Welcome to the IBM Rational PL/I community. Here you will find the latest technical and business information, and educational information about PL/I and related z/OS and AIX topics including IMS, CICS, and Rational Developer for System z.
Peter Elderon from the IBM compiler development team will be presenting on what's new in Enterprise PL/I for z/OS at SHARE in Anaheim, March 9 to 14.
15284: PL/I - What's New
Register for SHARE in Anaheim today!
Check out all the information about the latest release of Enterprise PL/I for z/OS. You can get a summary of the release as well as all the announcement details.
See what's new with Enterprise PL/I for z/OS, V4.4 including enhancements to leverage the latest z/OS. For all the details about the Enterprise PL/I for z/OS, V4.4 announcement, see here .
ALLOCATE is a storage control built-in function, which allocates storage of the specified size in the heap. You can also use ALLOCATE to allocate the specified size in the specified area.
When you specify ALLOCATE (n) , ALLOCATE allocates storage of size n in heap storage and returns the pointer to the allocated storage. If necessary, n is converted to REAL FIXED BINARY (31,0) . If the requested amount of storage is not available, the STORAGE condition is raised.
The ALLOCATE built-in function now has the AREA... [More]
The PL/I workstation compiler supports the following interfaces to other products:
1. Using the sort program
The compiler provides an interface called PLISRTx (x = A, B, C, or D) that allows you to make use of the IBM-supplied Sort programs. To use the Sort program you must include the correct PL/I statements in your source program and specify the correct data sets in your JCL.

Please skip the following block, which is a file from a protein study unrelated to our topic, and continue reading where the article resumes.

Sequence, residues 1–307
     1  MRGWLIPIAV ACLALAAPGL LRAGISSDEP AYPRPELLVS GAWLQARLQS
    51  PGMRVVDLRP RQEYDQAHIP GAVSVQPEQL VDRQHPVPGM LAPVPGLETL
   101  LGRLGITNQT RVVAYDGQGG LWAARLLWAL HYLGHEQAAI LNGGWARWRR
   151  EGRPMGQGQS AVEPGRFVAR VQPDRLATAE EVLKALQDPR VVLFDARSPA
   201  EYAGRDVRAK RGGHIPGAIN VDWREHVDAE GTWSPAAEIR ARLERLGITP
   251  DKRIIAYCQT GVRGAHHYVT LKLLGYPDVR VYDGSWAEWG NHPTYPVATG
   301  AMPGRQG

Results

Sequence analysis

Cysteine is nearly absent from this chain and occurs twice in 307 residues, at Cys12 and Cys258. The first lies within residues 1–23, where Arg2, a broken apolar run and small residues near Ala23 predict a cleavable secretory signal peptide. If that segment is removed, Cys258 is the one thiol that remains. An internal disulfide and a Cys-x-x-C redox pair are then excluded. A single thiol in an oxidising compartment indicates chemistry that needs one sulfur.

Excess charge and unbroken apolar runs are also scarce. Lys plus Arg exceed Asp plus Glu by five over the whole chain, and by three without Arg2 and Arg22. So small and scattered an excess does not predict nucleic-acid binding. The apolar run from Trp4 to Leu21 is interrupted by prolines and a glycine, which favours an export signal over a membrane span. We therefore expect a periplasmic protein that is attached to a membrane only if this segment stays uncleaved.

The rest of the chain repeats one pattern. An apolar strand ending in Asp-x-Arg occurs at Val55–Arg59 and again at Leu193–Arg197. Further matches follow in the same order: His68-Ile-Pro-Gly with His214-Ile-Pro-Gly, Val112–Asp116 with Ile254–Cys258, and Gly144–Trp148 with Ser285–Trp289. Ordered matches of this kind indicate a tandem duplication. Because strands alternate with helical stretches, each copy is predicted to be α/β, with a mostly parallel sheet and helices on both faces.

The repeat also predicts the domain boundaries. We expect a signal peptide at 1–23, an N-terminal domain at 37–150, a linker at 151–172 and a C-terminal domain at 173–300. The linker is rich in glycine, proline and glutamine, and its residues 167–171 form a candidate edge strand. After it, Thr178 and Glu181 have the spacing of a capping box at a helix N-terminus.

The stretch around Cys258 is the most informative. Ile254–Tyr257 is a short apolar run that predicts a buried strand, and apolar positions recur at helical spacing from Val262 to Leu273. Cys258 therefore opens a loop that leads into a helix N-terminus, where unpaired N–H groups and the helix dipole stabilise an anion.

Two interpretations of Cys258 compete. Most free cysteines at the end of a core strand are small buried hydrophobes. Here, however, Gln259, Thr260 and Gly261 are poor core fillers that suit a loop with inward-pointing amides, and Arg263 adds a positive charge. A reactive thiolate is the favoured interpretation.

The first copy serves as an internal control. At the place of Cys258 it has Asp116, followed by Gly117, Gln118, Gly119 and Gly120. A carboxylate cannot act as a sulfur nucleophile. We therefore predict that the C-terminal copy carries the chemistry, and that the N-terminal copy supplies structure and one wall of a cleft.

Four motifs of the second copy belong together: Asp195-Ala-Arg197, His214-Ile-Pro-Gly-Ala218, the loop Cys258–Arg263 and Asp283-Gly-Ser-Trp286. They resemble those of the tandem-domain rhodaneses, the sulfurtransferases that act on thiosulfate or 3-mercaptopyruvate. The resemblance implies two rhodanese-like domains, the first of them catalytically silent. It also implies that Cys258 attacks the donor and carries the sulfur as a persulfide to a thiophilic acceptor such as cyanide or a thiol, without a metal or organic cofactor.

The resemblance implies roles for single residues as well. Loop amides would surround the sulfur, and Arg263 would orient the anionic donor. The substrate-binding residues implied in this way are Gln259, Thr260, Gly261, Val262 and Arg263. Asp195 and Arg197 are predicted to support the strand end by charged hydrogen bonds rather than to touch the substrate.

2. Interlanguage Communication between PL/I and C
The Interlanguage Communication (ILC) between PL/I and C is supported. You can write PL/I code... [More]
Today, IBM announced Enterprise PL/I for z/OS V4.4 and z/OS XL C/C++ 2.1.
At SHARE in Boston , being held August 11-16, Visda Vokshoori , from the IBM compiler development team, will present the following sessions about these latest PL/I and C/C++ compilers for z/OS.
Session 13789: What's New in Enterprise PL/I and C/C++ will discuss all of the new features of the new compiler versions.
Enterprise PL/I for z/OS 4.4 features discussed will include:
Improved performance of PL/I applications
Enterprise PL/I for z/OS has consistently delivered innovations to help developers maintain and create applications optimized for deployment on IBM System z servers. Like COBOL, PL/I also focuses on delivering new features to improve performance, productivity, and modernization of proven, business critical applications. IBM has delivered a new release of the PL/I compiler every year since 1999 on System z. The announcement of Enterprise PL/I for z/OS V4.4 has kept this streak alive and reaffirms IBM's commitment to PL/I... [More]
At times, it is useful to be able to tailor the compiler to meet the needs of your organization. For example, you might want to suppress certain messages or alter the severity of others. You might want to perform a specific function with each compilation, such as logging statistical information about the compilation into a file.